I got to yoga class at the YMCA quite early, so I set up my spot and stretched into my first downward dog of the day. Such a lovely feeling. I did a few more poses to warm up and then settled comfortably on the blanket in Sukhasana, a seated pose. With almost 15 minutes still to go before class was supposed to begin, I closed my eyes for a short meditation.

In the midst of the tug of war between simple silence and monkey mind that is meditation inside my head, I heard the sounds of people coming in and removing their shoes, laying out their mats and settling things around them. In the midst of purses jostling a bit, doors opening and closing, and feet padding around the room, what I did not hear was the sound of voices. In a place where I normally hear the low hum of chatter or higher tinkling of laughter, there was quiet. This usually-busy space, influenced by the presence of one body settled on one mat in one simple pose, took on a meditative feel. 

When the teacher walked in close to 10 minutes late, the room’s silence had been broken. The last two class participants to walk in the door came in chatting and continued their discussion, although at a much muted tone. No matter. The quiet still felt good.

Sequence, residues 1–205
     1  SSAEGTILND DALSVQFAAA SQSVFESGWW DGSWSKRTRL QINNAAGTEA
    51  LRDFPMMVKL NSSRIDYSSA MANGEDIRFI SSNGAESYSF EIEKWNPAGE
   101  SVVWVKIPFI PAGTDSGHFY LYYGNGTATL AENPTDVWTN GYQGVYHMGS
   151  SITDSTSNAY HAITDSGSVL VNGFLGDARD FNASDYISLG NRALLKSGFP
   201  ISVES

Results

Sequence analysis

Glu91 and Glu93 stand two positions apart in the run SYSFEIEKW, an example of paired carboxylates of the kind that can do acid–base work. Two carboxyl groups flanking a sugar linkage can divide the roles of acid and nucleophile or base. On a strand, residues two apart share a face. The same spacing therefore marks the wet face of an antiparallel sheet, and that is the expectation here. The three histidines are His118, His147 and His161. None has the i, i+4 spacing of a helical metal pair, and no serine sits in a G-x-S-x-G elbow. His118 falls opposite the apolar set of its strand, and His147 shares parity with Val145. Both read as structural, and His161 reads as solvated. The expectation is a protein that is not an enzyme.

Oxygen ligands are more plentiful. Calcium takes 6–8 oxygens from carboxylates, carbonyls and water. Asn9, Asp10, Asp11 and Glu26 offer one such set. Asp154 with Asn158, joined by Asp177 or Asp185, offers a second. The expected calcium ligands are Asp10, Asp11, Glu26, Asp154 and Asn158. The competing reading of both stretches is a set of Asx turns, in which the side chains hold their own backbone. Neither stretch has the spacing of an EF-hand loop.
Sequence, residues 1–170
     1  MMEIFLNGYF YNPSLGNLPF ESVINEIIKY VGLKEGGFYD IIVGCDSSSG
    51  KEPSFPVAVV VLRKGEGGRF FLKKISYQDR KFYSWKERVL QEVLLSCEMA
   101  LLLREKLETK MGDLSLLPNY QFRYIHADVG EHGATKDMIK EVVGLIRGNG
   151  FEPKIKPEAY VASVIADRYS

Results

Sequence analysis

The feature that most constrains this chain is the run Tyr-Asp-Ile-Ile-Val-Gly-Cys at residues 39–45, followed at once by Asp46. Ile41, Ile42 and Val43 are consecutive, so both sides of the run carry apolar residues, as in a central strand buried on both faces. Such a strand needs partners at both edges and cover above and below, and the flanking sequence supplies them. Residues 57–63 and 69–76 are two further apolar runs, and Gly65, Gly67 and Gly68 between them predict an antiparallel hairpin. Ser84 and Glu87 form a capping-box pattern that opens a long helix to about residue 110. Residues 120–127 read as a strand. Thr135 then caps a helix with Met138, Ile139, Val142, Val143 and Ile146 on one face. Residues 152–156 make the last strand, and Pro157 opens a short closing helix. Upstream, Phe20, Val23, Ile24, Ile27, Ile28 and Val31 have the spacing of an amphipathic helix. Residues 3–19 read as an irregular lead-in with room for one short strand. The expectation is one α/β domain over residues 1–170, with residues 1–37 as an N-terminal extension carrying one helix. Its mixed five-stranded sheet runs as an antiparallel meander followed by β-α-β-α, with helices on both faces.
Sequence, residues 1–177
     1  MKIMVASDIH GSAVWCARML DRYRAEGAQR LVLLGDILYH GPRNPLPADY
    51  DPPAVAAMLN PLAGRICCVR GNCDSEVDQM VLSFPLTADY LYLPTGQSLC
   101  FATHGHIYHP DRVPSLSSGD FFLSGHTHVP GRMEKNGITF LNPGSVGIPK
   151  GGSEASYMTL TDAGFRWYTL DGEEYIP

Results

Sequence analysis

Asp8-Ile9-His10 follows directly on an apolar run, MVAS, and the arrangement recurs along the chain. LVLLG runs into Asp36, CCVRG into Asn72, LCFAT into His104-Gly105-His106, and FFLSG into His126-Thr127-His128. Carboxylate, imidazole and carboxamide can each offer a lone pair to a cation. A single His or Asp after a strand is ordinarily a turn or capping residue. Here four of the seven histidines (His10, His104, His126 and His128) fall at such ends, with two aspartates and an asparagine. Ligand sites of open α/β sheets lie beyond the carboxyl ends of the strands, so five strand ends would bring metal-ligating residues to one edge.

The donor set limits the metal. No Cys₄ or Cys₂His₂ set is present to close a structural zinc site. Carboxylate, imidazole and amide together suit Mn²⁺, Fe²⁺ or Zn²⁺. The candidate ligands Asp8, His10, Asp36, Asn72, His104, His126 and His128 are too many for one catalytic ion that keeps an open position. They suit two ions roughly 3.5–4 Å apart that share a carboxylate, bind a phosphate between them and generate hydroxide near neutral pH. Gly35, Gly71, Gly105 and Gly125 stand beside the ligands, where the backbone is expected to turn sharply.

I had not intended to have an effect on this class – and in all honestly, I cannot say that I really did. But something did: the call of stillness, the power of meditation, the promise of quiet. The sight of a figure serenely seated with straight spine and eyes closed did all the work; I was a mere placeholder. But in those few moments, in my skin, in my bones, I felt the vibrations of this quiet flowing from within me move out toward others in the room. And in that flow, I felt the presence of the holy.